The Highlanders go in!

Many of the Slopshire Textile Workers Trade Unionists served in the Great War and were a bit more handy with a rifle. Their fire caused a few casualties among the highlander and their morale wavered.

There was some confusion among the Highlanders and their advance slowed, the Slopshire Textile Workers took full advantage of the stalled advance and cut the highlanders down.

The remaining Highlander beat a hasty retreat but most were shot as they retreated.

We called it a draw at this point. The Republican forces had lost one of their positions and half of their force, but had reduced the Royalist forces to the point were it was futile to continue their attack. They would have to regroup and attack again the next day – during the night the last of the Trade Unionists slipped away under cover of darkness. – hoping to meet up with other Republican forces further south.

Coming soon on Tim’s Miniature Wargaming Blog:

Should have another report for you in a couple days. Maybe a pic of a painting I’m working on that some may find amusing. Nothing happening on the figure painting front.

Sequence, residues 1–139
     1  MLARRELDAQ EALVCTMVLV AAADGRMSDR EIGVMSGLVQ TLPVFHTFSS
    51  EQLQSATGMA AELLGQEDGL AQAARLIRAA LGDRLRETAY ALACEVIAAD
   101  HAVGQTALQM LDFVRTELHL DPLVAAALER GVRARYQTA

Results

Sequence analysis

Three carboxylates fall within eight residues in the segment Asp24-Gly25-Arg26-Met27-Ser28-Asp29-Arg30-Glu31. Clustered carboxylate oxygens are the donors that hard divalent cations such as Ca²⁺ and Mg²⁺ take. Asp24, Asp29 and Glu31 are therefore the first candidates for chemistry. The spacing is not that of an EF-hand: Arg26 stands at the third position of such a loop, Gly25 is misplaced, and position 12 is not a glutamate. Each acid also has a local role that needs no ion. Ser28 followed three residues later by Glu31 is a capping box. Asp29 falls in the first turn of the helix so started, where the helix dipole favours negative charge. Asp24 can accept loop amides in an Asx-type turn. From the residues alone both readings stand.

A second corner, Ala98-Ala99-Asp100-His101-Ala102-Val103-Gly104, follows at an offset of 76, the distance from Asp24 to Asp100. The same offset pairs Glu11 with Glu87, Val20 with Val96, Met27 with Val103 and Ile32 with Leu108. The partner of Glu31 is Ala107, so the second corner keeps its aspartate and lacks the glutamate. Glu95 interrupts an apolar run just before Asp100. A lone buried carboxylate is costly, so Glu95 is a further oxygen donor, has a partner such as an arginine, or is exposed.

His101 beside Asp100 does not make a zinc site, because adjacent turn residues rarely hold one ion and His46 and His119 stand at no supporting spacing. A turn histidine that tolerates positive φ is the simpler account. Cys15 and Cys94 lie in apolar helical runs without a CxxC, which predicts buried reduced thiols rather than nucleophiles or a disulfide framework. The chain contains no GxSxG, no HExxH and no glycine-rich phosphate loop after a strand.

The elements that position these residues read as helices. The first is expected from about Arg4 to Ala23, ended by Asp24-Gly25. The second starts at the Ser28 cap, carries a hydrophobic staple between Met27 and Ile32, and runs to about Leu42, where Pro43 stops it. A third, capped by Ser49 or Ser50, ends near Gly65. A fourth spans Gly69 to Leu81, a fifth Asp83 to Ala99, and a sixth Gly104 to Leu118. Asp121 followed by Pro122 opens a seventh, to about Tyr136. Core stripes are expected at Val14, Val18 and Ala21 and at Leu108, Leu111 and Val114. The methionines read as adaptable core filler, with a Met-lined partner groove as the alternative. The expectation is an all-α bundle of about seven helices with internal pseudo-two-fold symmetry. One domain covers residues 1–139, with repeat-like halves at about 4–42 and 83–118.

1. Great fun. I doubt the average university faculty would make much of a showing - they would be too busy arguing about the management structure of the unit. I speak as a retired academic. :)

  2. Tim, those buildings are brilliant. Did you make them yourself?

  3. Those Republicans are making milk out of powdered babies? Hanging's too good for them, I say!

  4. Wonderful report!

    A draw in VBCW is just fine; regroup, enjoy some tea and crumpets and then back on the pitch for more action!

  5. Thanks guys!

    Yes, I made the buildings myself.

  6. Nice report with the sepia-tone photos. :)
    This makes me think of PG Wodehouse and also of an old Peter Sellers' film called "I'm All Right Jack", about trade unions and such.

  7. Completely out of context, but I heard this bit of info:

    “It turns out that the son of the late, Ron Stetkewicz will be attending the 2010 Philadelphia Miniaturia in Cherry Hill, NJ this November 5th. I don’t believe he has a booth but is just attending the preview. Then would be the time to talk with him about what you are looking for. His father used to make all the brass hardware in the industry and now his son is going to begin doing it also. Its not that far from where you live, Agnes, so maybe we can meet there. I hope all is well with your husband, and you can make it to the show. Love and Blessings, Midge.”

    He could make anything for this line of minis, too.

  8. I'd say the faculty morale was a bit too high and they should have had some sort of special ability to cause delays for the attacker.

    On the other hand, their own ability to formulate an execute a plan should also be fairly low.

    Perhaps a junior faculty hero could lead the charge but at the risk of being cut down by friendly fire?

    On the othe rhand, the textile workers seem to be cut from a different cloth... .